Hospital Mortality Outcomes Differ After Lung Cancer Surgery Complications

Tyler Grenda, MD House Officer VI Section of General Surgery Department of Surgery University of Michigan Interview with:
Tyler Grenda, MD
House Officer VI
Section of General Surgery
Department of Surgery
University of Michigan


Medical Research: What is the background for this study? What are the main findings?

Dr. Grenda: The main purpose for this study was to better understand the factors underlying differences in mortality rates for hospitals performing lung cancer resection.  The methodology we used included only the highest and lowest mortality hospitals (Commission on Cancer accredited cancer programs) so the sampling frame was specific. There are wide variations in mortality rates across hospitals performing lung cancer resection (overall unadjusted mortality rates were 10.8% vs. 1.6%, respectively.

Medical Research: What should clinicians and patients take away from your report?

Dr. Grenda: To better understand the factors that may underlie differences in mortality rates, we examined adherence to perioperative processes of care (e.g. adherence to venous thromboembolism prophylaxis) and outcomes following surgery between high mortality hospitals (HMHs) and low mortality hospitals (LMHs). While there were variations in adherence to some evidence-based perioperative processes of care, those variations did not translate to differences in directly related complications. In fact, there was no significant difference in complication rates between HMH and LMHs. However, we found that failure to rescue rates (or case fatality rates—deaths that occur after complications) explain much of the differences in mortality rates between HMHs and LMHs.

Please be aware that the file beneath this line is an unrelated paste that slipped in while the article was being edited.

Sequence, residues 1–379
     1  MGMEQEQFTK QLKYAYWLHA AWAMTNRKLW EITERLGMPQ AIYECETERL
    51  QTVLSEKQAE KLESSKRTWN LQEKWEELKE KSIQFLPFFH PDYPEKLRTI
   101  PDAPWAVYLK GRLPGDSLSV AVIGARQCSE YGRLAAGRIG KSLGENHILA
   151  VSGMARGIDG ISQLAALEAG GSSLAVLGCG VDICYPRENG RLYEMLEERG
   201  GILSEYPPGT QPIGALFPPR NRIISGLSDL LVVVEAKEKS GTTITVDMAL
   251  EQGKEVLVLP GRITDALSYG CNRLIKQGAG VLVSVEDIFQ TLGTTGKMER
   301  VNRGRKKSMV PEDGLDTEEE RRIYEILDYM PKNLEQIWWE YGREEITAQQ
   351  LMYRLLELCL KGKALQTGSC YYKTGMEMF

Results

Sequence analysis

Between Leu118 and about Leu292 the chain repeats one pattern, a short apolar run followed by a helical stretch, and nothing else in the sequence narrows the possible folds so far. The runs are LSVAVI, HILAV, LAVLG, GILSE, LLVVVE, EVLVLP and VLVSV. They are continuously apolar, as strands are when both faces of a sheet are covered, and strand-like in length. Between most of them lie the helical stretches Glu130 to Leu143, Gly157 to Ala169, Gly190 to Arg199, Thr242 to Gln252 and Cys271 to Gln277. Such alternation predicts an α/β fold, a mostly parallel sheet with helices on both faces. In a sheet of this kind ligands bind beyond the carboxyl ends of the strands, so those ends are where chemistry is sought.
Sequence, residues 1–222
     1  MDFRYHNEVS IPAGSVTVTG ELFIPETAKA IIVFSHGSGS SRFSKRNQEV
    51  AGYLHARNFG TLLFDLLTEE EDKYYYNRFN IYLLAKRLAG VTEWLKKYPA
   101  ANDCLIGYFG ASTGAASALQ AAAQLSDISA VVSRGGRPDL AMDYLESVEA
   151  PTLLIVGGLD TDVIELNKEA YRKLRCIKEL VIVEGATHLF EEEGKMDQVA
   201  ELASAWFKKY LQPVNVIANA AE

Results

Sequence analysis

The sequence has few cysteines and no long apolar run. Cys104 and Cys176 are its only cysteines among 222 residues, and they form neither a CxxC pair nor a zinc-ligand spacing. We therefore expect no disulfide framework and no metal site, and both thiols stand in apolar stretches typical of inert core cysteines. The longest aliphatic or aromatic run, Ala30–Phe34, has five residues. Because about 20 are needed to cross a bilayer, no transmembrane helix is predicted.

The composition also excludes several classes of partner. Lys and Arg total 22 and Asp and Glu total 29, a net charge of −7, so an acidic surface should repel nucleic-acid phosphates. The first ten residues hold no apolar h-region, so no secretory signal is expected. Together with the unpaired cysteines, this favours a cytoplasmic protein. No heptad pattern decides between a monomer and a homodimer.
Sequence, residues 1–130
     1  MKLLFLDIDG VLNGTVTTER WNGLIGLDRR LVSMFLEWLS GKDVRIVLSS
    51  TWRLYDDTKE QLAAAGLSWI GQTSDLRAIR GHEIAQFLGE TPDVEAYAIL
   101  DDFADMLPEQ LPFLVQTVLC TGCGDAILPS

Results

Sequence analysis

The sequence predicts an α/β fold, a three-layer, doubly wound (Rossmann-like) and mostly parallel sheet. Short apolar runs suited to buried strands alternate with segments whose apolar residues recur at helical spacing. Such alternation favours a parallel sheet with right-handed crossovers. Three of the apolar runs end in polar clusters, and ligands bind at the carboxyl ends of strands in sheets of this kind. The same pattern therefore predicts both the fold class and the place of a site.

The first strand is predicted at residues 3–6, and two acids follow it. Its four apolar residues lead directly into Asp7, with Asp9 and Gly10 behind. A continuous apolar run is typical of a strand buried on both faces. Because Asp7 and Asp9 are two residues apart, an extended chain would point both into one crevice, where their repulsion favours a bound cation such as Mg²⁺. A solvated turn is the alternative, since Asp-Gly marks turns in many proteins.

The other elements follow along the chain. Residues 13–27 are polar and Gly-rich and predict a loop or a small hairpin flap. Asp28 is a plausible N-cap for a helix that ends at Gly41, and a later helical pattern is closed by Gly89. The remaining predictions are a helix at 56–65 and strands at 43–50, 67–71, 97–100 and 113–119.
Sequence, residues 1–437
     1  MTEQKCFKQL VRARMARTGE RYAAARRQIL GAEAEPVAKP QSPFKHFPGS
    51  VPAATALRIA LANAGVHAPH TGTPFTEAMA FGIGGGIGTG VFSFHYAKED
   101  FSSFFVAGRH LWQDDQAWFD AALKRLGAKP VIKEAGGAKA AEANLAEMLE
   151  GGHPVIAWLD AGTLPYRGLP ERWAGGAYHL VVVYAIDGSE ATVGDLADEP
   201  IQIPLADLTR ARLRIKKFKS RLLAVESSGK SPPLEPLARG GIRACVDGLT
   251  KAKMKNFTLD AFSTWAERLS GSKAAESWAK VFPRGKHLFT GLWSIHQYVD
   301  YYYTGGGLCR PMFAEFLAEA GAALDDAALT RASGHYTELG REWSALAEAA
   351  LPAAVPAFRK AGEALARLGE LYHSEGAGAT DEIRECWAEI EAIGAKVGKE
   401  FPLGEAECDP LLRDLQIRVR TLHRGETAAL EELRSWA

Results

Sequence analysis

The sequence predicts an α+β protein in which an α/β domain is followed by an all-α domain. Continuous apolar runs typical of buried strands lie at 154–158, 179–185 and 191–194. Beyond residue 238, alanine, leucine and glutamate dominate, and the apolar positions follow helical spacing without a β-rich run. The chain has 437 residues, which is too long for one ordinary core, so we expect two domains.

Medical Research: What recommendations do you have for future research as a result of this study?

Dr. Grenda: Further investigation is needed to better understand the main factors related to the development of complications with a focus on their subsequent management. We need to improve our understanding of why there are differences in rates of failure to rescue.


Grenda TR, Revels SL, Yin H, Birkmeyer JD, Wong SL. Lung Cancer Resection at Hospitals With High vs Low Mortality Rates
JAMA Surg. Published online August 12, 2015. doi:10.1001/jamasurg.2015.2199. is not a forum for the exchange of personal medical information, advice or the promotion of self-destructive behavior (e.g., eating disorders, suicide). While you may freely discuss your troubles, you should not look to the Website for information or advice on such topics. Instead, we recommend that you talk in person with a trusted medical professional.

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Tyler Grenda, MD (2015). Hospital Mortality Outcomes Differ After Lung Cancer Surgery Complications

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